How to Pin, 2 methods
Pinning is one of those necessary evils that is really required if you want your metal and resin models to last. No matter the combination of metal/plastic/resin, superglue only goes so far in providing stability and is woefully inadequate on it’s own for those large metal models and even bigger Forge World resin kits.
How many times have you dropped a precious model only to have its constituent bits fall apart? Well fear not, a well pinned model will stand those little accidents and once you get into the habit of pinning it really is no chore at all.
If you plan to do any kind of modelling you need some basic tools, snips (wire cutters), a scalpel or craft knife, glue etc.
Pinning also requires some basic tools and consumables. A pair of snipe nose pliers, snips, superglue, needle file, pin vice, correct size drill bits and corresponding solid brass rod. You can get most of this stuff through hobby and craft stores. The brass rod and drill bits are easily and cheaply obtained through the likes of ebay or on-line hobby/modelling supplies.
As an example, I got a pack of 10x 0.8mm drill bits on ebay for £3.50 and I found an online hobby store selling 12″ lengths of 0.8mm solid brass rod for 49pence each.
Some people like to use paper clips to pin their models…thats all well and good, BUT, you rarely get a good fit between the hole you have drilled and the paper clip wire because unless you have a wire gauge, how do you know what size drill bit to use? Far better to use a drill bit and wire of the same size. I use 0.8mm and 0.9mm drill bits and brass rod.
A note about Superglue
There are many different types of CyanoAcrylate (superglue), some are better suited to the task of modeling than others.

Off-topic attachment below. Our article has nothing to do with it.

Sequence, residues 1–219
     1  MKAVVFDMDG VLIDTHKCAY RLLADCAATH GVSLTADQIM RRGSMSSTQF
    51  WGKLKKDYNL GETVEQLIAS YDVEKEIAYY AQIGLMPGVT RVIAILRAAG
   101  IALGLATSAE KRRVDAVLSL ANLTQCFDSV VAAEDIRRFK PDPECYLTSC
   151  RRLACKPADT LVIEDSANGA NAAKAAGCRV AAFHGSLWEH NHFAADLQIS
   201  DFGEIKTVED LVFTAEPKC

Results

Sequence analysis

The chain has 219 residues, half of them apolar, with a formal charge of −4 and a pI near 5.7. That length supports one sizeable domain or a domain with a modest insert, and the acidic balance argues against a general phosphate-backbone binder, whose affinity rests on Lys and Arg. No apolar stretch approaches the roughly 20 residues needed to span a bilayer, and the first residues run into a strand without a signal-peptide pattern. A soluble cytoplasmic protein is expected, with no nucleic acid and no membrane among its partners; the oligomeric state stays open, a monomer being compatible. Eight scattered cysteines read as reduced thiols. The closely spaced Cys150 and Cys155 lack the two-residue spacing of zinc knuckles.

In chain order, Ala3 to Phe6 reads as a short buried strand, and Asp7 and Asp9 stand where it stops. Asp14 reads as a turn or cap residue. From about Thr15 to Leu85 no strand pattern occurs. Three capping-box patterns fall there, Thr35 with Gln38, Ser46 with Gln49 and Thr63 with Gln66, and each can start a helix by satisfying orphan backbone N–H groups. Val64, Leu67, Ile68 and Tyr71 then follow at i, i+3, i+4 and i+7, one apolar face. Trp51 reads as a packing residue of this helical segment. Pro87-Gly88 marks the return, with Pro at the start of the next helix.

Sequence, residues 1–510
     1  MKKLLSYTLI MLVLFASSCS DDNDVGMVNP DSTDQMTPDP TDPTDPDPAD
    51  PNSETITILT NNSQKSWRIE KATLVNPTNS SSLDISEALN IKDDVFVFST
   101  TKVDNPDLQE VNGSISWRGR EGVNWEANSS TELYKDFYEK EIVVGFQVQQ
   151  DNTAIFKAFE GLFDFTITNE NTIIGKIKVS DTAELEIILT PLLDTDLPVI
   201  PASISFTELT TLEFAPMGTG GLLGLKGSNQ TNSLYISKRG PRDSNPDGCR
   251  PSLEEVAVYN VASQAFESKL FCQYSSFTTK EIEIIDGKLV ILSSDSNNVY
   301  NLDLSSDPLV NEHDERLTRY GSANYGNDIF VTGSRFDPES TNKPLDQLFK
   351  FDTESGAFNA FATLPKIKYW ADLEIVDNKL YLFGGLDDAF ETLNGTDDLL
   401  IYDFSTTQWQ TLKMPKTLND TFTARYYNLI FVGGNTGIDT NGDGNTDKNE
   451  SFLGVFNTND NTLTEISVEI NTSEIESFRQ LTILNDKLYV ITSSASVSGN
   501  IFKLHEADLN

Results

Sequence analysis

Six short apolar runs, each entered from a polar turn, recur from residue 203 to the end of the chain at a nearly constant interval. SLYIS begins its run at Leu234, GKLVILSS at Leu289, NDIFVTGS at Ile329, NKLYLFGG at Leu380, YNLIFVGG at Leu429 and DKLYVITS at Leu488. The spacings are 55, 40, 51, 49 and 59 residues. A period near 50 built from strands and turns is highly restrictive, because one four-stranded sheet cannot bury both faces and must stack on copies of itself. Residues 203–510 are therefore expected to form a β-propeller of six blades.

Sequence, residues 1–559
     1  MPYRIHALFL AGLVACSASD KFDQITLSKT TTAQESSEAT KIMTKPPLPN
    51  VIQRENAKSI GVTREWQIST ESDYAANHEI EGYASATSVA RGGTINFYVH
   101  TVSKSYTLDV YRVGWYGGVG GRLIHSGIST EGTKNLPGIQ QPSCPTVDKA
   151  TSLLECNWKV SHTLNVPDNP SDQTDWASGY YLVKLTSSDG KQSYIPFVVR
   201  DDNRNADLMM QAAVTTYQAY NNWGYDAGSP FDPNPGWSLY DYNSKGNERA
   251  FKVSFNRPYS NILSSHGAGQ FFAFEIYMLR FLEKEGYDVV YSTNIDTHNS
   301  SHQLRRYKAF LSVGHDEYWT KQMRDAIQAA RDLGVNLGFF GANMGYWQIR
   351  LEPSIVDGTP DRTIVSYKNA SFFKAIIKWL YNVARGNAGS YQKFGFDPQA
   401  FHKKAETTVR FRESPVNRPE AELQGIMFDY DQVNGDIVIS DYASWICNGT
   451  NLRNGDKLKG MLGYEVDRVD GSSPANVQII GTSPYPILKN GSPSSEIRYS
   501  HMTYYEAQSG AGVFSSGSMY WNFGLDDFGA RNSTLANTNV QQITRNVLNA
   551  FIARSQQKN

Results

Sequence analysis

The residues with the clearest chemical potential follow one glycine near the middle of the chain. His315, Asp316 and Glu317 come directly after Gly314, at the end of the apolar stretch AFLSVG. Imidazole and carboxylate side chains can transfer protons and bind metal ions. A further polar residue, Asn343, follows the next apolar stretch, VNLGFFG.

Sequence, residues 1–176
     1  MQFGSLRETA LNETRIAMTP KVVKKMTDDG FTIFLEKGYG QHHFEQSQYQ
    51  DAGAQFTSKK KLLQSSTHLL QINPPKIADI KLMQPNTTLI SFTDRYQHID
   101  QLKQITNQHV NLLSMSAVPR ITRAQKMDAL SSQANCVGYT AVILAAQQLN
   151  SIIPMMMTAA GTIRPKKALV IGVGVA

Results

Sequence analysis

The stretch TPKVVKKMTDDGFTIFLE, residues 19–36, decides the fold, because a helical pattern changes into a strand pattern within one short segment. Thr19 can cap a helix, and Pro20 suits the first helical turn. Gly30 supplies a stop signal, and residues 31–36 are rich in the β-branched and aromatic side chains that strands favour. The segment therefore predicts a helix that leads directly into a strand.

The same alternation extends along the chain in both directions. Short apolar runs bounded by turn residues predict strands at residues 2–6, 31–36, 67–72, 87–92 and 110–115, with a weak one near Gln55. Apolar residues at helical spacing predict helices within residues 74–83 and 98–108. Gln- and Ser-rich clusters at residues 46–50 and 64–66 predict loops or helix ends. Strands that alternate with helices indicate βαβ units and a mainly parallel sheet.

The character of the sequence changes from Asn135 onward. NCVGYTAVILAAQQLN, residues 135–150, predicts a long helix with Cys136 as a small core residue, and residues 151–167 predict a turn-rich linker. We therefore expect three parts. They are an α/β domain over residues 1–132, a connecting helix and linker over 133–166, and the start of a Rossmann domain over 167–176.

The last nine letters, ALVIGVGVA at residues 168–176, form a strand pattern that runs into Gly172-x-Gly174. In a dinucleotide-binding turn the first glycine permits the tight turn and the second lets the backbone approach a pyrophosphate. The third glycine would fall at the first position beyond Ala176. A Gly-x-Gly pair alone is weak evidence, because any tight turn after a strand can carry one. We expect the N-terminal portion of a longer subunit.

ZAP-A-GAP CA+ is my superglue of choice because it is just viscous enough to be controllable yet possesses excellent strength and gap filling properties. It is also readily available to order from the Internet regardless of where you live.
THE PROCESS #1
1.) There are actually a couple of ways I pin my models, depending on what I am pinning and the difficulty involved with mating the parts.
First and foremost make sure you have cleaned away any flash and debri from the components to be joined. I personally like to give the component I am gluing the pin to a quick file to level the surface and so aid the drilling process.
Any components that have rounded locating lugs (like this Marines backpack lug) should have the end filed flat to stop the drill bit slipping.
2.) With the drilling surface prepared, take your pin vice and carefully begin to drill a shallow pilot hole. A couple of twists should be sufficient. Check that the hole is in the centre of the drilling area.
3.) Once you are happy with the positioning drill the hole a couple of millimetres deep then insert your brass rod and snip it off with about a millimetre showing. This small piece of wire will allow the two halves to fit fairly closely.
4.) Now you need to try and firmly press the two components together as accurately as possible…after a little practice you will find this quite easy.
If you now look at the component you have NOT drilled you should see a small indentation where the pin has pushed against the metal/plastic/resin.
This is your ‘X marks the spot’…the place you need to drill out to get a good join. Try to drill the hole in the ‘marked’ component at roughly the same angle as the pin in the main component and be careful not to drill so far as to punch out the opposite side…see a little further down on how to gauge how deep you have drilled.
5.) There is a another method of achieving the marked component. Paint a small blob of paint on the pin and gently press the components together. The paint will mark the spot to drill on the opposite piece.
6.) You can now remove the small bit of rod from the main component (it’s done its job!) and drill the hole to a depth you think is suitable. I normally go for around 5mm but its more a judgement by eye thing.
An easy way to tell how deep you have drilled is to put your nail on the drill bit next to the surface of the model then withdraw the drill bit. The distance between your fingernail and the tip of the bit is the depth you have achieved.
7.) Before you glue the rod in place give it a dry fit to make sure it slides into place ok.
8.) Once you are happy run a small amount of superglue into the hole and push the rod firmly home. Wipe away any excess superglue from the area and give it a few moments to cure.